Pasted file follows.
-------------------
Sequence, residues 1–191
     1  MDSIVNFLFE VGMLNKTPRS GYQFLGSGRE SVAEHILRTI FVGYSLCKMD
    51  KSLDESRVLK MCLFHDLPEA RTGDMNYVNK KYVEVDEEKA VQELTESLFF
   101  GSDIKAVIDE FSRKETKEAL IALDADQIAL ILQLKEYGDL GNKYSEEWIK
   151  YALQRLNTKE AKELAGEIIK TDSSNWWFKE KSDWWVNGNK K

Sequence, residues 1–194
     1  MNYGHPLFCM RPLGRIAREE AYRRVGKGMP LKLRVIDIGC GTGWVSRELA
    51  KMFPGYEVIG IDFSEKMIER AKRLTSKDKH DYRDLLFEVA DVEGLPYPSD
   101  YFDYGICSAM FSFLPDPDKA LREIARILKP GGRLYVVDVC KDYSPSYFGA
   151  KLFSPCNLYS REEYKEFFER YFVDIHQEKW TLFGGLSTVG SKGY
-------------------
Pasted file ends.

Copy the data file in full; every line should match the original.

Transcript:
Sequence, residues 1–191
     1  MDSIVNFLFE VGMLNKTPRS GYQFLGSGRE SVAEHILRTI FVGYSLCKMD
    51  KSLDESRVLK MCLFHDLPEA RTGDMNYVNK KYVEVDEEKA VQELTESLFF
   101  GSDIKAVIDE FSRKETKEAL IALDADQIAL ILQLKEYGDL GNKYSEEWIK
   151  YALQRLNTKE AKELAGEIIK TDSSNWWFKE KSDWWVNGNK K

Sequence, residues 1–194
     1  MNYGHPLFCM RPLGRIAREE AYRRVGKGMP LKLRVIDIGC GTGWVSRELA
    51  KMFPGYEVIG IDFSEKMIER AKRLTSKDKH DYRDLLFEVA DVEGLPYPSD
   101  YFDYGICSAM FSFLPDPDKA LREIARILKP GGRLYVVDVC KDYSPSYFGA
   151  KLFSPCNLYS REEYKEFFER YFVDIHQEKW TLFGGLSTVG SKGY